The Tartan

Transgendered face multitude of challenges

By Hush Herman, Staff Writer

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One of the most controversial topics in our schools today is the allowance of transgendered students into their correct bathrooms and locker rooms. As laws and legal challenges have arisen across there was controversy at schools throughout McHenry County. Many students and parents responded with statements like, “Well, maybe I feel like a girl today, I’m going to go change in the girl’s locker room” or “I’m too scared to let my daughter go to school, she might get sexually harassed by the transgendered students while changing.” While the blatant over-sexualizing of under-aged students changing into PE uniforms is disturbing, these comments bring to light a much larger issue. The truth is that a large amount of the public still have no idea what it’s like to be transgendered and no concept of the trials faced by them on a daily basis.

To start with the faulty argument that someone can  “feel like a girl/boy today,” I’d like to explain  the concept of gender dysphoria. Gender dysphoria is defined as: “A conflict between a person’s physical or assigned gender and the gender with which he/she/they identify” by the American Psychological Association. To elaborate, they state; “People with gender dysphoria may often experience significant distress and/or problems functioning associated with this conflict between the way they feel and think of themselves (referred to as experienced or expressed gender) and their physical or assigned gender.” That is the main difference between being cisgendered (people whose gender identity matches the sex that they were assigned at birth) and transgendered, whether or not you experience gender dysphoria. Being transgendered does not mean waking up one morning, or every morning, and making the active or willing decision to be the other gender. Gender dysphoria is a diagnosable psychiatric disorder just like depression or anxiety and left untreated, gender dysphoria will often lead to serious self-harming behaviors.

So, let’s say we have gender dysphoria. What might be next?

The process of changing your sex is known throughout the transgender community as “transitioning.” Transitioning has two stages that are usually overseen by a gender therapist or psychiatric professional. Many doctors will not help transgendered people until they have a note from a gender therapist, so there goes waking up and suddenly being a girl for the day. The first stage is the administration of sex hormones. These hormones do not affect the temperament, sex drive, or aggressiveness of the individual. They are legally prescribed by a medical doctor and are only enough to elevate either the testosterone (‘T’ for short) or estrogen (‘E’ for short) hormones to levels that would be naturally found in people who were born male or female.

In people who are male-to-female (MTF) transgendered, these hormones will cause breast growth, an increase in the pitch of their voice, the redistribution of fat to and from certain areas of the body (i.e. hips, thighs, arms and legs,) for people with hair on their chests, backs, and faces, the hair will thin, but may not go away altogether. On top of all of this, there are also the emotional reactions that I have seen many of my friends go through as their bodies make these drastic changes. Many people refer to hormone therapy as a second puberty.

In people who are female-to-male (FTM) transgendered, there is a practice known as “binding’” in which the person uses chest binders to flatten their breasts so that they appear more masculine. If done incorrectly, this can cause an array of medical issues that can affect person later when they possibly elect to have surgery. In fact, until very recently there were no relevant medical studies about the long-term effects of chest binding. We now know that binding incorrectly or for too long of a time period can lead to fractured or compressed ribs, collapsed lungs, and severe back pain. Despite these risks, chest binding is still an extremely common practice among transgender men because there are simply no other alternatives available to them. On top of that, hormone therapy will sometimes cause breast pain, it will cause fat redistribution, weight gain, a gain in muscle definition, some people may experience hair growth on their backs, chests, and faces.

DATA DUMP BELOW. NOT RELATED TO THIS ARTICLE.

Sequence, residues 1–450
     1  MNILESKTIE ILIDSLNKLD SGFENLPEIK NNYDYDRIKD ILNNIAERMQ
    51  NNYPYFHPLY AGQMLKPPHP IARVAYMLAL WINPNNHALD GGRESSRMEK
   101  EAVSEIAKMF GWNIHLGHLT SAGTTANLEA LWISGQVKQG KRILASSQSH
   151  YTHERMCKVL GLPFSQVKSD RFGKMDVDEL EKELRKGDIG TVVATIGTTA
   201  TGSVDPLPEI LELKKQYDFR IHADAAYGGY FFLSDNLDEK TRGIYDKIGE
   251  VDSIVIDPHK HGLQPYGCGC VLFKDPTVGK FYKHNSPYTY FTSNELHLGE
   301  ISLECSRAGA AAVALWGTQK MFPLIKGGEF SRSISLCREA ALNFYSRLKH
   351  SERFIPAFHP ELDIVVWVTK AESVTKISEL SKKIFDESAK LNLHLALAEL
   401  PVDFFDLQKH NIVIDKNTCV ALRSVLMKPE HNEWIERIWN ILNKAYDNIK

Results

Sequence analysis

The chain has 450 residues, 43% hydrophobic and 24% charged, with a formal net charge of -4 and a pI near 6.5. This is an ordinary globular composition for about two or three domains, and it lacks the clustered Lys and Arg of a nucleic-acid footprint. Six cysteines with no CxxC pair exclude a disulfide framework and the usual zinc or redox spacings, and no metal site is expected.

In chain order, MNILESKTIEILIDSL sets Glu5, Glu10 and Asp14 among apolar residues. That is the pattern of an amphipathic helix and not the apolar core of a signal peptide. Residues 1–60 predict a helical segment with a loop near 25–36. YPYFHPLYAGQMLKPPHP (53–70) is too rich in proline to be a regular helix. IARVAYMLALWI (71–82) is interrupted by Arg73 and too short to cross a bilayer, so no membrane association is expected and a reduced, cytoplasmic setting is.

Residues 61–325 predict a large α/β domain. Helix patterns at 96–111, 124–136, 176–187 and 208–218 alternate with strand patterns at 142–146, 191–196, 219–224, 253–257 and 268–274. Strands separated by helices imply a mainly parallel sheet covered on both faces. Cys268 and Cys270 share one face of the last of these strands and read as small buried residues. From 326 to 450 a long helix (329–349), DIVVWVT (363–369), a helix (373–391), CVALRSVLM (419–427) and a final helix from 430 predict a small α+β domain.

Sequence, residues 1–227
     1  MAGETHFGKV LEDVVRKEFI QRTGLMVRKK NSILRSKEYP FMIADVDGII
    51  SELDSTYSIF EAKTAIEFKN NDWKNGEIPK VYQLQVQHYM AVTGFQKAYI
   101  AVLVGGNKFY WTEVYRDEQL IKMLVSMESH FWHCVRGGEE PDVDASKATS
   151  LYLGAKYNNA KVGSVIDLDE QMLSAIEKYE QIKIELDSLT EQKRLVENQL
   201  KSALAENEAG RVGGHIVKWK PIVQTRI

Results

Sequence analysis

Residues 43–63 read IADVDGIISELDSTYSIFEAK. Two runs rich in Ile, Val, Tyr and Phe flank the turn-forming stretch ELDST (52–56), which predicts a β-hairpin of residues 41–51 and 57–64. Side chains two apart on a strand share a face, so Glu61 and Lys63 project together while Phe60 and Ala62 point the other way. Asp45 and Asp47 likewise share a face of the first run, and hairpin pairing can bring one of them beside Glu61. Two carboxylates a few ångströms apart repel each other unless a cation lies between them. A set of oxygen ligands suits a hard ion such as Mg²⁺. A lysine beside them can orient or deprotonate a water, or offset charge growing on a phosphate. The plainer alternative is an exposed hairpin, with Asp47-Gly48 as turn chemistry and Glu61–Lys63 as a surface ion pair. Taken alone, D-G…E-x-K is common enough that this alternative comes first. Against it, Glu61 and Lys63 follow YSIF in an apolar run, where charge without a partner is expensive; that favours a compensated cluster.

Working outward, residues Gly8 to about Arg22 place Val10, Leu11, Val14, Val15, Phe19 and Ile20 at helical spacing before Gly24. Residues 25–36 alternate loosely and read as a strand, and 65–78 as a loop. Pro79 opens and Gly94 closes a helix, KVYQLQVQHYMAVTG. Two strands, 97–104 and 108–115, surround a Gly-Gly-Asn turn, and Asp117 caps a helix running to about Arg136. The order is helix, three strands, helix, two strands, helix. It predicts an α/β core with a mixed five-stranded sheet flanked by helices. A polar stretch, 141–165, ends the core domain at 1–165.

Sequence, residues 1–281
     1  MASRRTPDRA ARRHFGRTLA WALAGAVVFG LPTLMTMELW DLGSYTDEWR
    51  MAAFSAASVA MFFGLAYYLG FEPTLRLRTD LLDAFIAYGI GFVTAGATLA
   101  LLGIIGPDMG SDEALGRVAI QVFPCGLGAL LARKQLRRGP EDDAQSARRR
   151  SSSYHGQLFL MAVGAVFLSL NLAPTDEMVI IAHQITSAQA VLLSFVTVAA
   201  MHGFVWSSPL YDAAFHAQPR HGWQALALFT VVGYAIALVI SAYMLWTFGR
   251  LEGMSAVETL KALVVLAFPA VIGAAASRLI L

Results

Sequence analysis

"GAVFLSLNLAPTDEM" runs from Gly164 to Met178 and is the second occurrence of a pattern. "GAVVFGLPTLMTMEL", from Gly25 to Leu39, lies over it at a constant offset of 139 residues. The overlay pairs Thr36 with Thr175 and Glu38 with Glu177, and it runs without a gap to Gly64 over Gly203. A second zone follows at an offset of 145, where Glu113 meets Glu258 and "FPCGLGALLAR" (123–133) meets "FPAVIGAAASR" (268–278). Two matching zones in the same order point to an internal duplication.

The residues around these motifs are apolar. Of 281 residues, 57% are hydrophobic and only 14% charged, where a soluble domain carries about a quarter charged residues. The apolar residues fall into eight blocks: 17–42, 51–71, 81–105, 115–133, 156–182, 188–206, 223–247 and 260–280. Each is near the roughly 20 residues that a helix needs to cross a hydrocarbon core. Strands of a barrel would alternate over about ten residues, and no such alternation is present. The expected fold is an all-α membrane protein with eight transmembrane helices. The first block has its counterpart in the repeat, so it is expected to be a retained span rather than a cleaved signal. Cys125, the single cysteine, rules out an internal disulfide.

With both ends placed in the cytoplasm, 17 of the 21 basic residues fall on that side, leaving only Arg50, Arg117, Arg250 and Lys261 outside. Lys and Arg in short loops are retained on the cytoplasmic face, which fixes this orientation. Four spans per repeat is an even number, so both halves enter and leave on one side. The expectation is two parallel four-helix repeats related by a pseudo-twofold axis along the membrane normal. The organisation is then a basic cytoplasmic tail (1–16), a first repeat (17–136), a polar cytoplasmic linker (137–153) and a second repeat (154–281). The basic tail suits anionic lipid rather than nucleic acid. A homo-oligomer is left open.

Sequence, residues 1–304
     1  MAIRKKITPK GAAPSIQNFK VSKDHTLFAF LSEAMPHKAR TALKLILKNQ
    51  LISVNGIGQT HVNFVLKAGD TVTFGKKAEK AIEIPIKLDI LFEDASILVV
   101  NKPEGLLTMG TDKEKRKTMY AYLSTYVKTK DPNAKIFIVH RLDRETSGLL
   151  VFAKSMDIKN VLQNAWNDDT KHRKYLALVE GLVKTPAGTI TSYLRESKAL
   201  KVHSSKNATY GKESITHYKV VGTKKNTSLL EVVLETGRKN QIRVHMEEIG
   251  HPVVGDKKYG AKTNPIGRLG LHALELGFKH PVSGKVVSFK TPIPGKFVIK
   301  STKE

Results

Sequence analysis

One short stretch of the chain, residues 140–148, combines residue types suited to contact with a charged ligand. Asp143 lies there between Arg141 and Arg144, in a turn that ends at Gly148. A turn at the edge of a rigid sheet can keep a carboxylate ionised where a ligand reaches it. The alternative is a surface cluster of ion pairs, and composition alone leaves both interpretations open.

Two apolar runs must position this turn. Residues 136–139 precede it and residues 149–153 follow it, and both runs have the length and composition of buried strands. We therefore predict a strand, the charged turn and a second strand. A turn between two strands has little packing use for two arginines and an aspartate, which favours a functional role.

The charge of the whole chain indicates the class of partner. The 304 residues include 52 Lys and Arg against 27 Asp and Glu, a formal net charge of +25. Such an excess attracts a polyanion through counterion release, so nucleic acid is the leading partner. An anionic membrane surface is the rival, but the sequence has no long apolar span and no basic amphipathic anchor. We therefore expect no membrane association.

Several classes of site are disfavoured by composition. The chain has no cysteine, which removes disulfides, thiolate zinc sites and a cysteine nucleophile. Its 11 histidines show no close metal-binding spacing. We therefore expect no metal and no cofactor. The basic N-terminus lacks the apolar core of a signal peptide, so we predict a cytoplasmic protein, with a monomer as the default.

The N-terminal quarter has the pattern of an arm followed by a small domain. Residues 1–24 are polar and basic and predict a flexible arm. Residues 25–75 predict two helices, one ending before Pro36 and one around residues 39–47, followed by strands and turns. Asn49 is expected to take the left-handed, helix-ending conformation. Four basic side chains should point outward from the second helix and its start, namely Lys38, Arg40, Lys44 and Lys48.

The second stage would be surgical. Surgery for both FTM and MTF transgendered people can consist of top surgery and bottom surgery. These surgical procedures are extremely costly and almost never covered entirely by insurance. Top surgery for a female-to-male is called a Subcutaneous Mastectomy, and involves the removal of breast tissue. This surgery usually costs from $3500-$9000. Bottom surgery for FTM transgendered people starts with a hysterectomy (removal of the uterus) and bilateral salpingo-oophorectomy (removal of the fallopian tubes and ovaries) costing roughly $11,000. Then once the female reproductive organs are removed, a genital reconstructive procedure is performed. The skin for this procedure is usually taken for the remaining female genitals or is grafted from the hip or arm. For MTF people, top surgery usually implies breast implants which cost about $8,000. Bottom surgery consists of the removal of the testicles and the inversion of the penis costing about $10,000.

So now that you know the lengths that transgendered people go through to feel comfortable in their own bodies, next time you hear someone make an inappropriate joke or a rude comment — be a good ally — correct them. Educate them. Hatred and discrimination spring from fear, and fear comes from misunderstanding, so the most meaningful thing that a person can do to help is to educate others.

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Transgendered face multitude of challenges